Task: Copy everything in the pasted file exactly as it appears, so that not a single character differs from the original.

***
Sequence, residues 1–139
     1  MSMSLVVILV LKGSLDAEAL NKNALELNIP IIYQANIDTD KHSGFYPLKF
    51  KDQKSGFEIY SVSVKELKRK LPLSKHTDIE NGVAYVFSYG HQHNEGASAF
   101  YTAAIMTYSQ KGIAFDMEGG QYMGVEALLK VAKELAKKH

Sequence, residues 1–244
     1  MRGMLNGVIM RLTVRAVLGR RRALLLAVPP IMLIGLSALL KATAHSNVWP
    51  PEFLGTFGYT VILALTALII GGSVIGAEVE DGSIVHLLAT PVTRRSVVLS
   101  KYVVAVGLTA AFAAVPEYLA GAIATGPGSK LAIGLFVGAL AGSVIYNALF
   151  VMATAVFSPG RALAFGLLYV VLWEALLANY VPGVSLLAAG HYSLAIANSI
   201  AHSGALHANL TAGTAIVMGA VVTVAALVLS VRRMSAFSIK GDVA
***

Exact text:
Sequence, residues 1–139
     1  MSMSLVVILV LKGSLDAEAL NKNALELNIP IIYQANIDTD KHSGFYPLKF
    51  KDQKSGFEIY SVSVKELKRK LPLSKHTDIE NGVAYVFSYG HQHNEGASAF
   101  YTAAIMTYSQ KGIAFDMEGG QYMGVEALLK VAKELAKKH

Sequence, residues 1–244
     1  MRGMLNGVIM RLTVRAVLGR RRALLLAVPP IMLIGLSALL KATAHSNVWP
    51  PEFLGTFGYT VILALTALII GGSVIGAEVE DGSIVHLLAT PVTRRSVVLS
   101  KYVVAVGLTA AFAAVPEYLA GAIATGPGSK LAIGLFVGAL AGSVIYNALF
   151  VMATAVFSPG RALAFGLLYV VLWEALLANY VPGVSLLAAG HYSLAIANSI
   201  AHSGALHANL TAGTAIVMGA VVTVAALVLS VRRMSAFSIK GDVA